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No Consensus In UN Over Libya Mission Mandate Ahead Of Elections

The existing uncertainty creates a fertile ground for spoilers and skeptics to manipulate the situation against the political transition, feeding in the existing tensions in relations between diverse Libyan institutions and authorities: UN special representative for Libya

No Consensus In UN Over Libya Mission Mandate Ahead Of Elections
UN Security Council (Representative Image) | File Photo/PTI
No Consensus In UN Over Libya Mission Mandate Ahead Of Elections
outlookindia.com
2021-09-16T09:46:28+05:30

The Security Council is divided over the mandate of the UN political mission in Libya, less than four months before the country is scheduled to hold critical presidential and parliamentary elections. The vote seeks to reunite the divided oil-rich North African nation after a decade of turmoil.

The dispute, voiced by the United States and Russia, led the council to adopt an extension of the current mandate, which was due to expire on Wednesday, until Sept. 30 to try to resolve the differences.

At issue is a dispute over recommendations in a strategic review of the mission, known as UNSMIL, including to have its chief relocate from Geneva to Libya's capital, Tripoli.

Diplomats, speaking on condition of anonymity because discussions have been private, said that Russia was also concerned about proposed language calling for the withdrawal of mercenaries, foreign fighters and foreign forces as demanded in the October 2020 cease-fire agreement between rival Libyan governments in the country's east and west.

Libya has been wracked by chaos since a NATO-backed uprising toppled longtime dictator Moammar Gadhafi in 2011 and split the country between a U.N.-supported government in the capital, Tripoli, and rival authorities loyal to commander Khalifa Hifter in the east. Each have been backed by different armed groups and foreign governments.

Hifter launched a military offensive in 2019 to capture the capital, a campaign backed by Egypt, the United Arab Emirates, Russia and France. But his march on Tripoli ultimately failed in June 2020, after Turkey sent troops to support the Libyan government, which also had the backing of Qatar and Italy. This paved the way for the October cease-fire agreement and a transitional government charged with leading the country to elections on Dec. 24.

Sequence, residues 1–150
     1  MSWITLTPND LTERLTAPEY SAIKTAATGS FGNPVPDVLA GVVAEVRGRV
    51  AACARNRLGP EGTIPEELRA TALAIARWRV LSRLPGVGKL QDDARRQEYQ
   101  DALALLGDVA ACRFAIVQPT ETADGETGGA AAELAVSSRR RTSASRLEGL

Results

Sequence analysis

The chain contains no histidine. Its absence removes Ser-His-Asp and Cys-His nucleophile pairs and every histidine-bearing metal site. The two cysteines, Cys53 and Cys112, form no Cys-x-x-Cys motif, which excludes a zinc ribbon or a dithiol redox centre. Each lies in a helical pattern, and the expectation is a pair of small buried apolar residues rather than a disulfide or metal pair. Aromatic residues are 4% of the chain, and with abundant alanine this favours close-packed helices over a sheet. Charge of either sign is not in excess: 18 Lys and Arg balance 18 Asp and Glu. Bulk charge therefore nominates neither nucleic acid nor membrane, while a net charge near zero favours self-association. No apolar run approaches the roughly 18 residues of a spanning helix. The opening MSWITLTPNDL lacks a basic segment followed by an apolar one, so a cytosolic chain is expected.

Last week, the U.N. special representative for Libya, Jan Kubis, warned that failure to hold the December vote could renew division and conflict and thwart efforts to unite the country. “Aborting the drive for elections will for many be a signal that violence is the only path to power in the country,” he said.

“The country and its people need a full clarity that the elections are going to happen on Dec. 24,” Kubis said. “The existing uncertainty creates a fertile ground for spoilers and skeptics to manipulate the situation against the political transition, feeding in the existing tensions in relations between diverse Libyan institutions and authorities.”

Russia's U.N. Ambassador Vassily Nebenzia told the council after the vote that Moscow supports the U.N.'s central role in restoring peace to Libya and “we are focused on finding mutually acceptable solutions to the remaining outstanding questions for the future functioning of the mission.”

He said the resolution gives the 15-member council the opportunity to find “a common denominator” over the work of the U.N.'s mission in Libya, saying its main aim now must be “to help the Libyan people" stick to the timetable for the elections.

Richard Mills, the U.S. deputy ambassador, expressed disappointment at the council's inability to agree on a new mandate for the mission, which he said “has a vitally important role in helping Libya achieve peace and stability."

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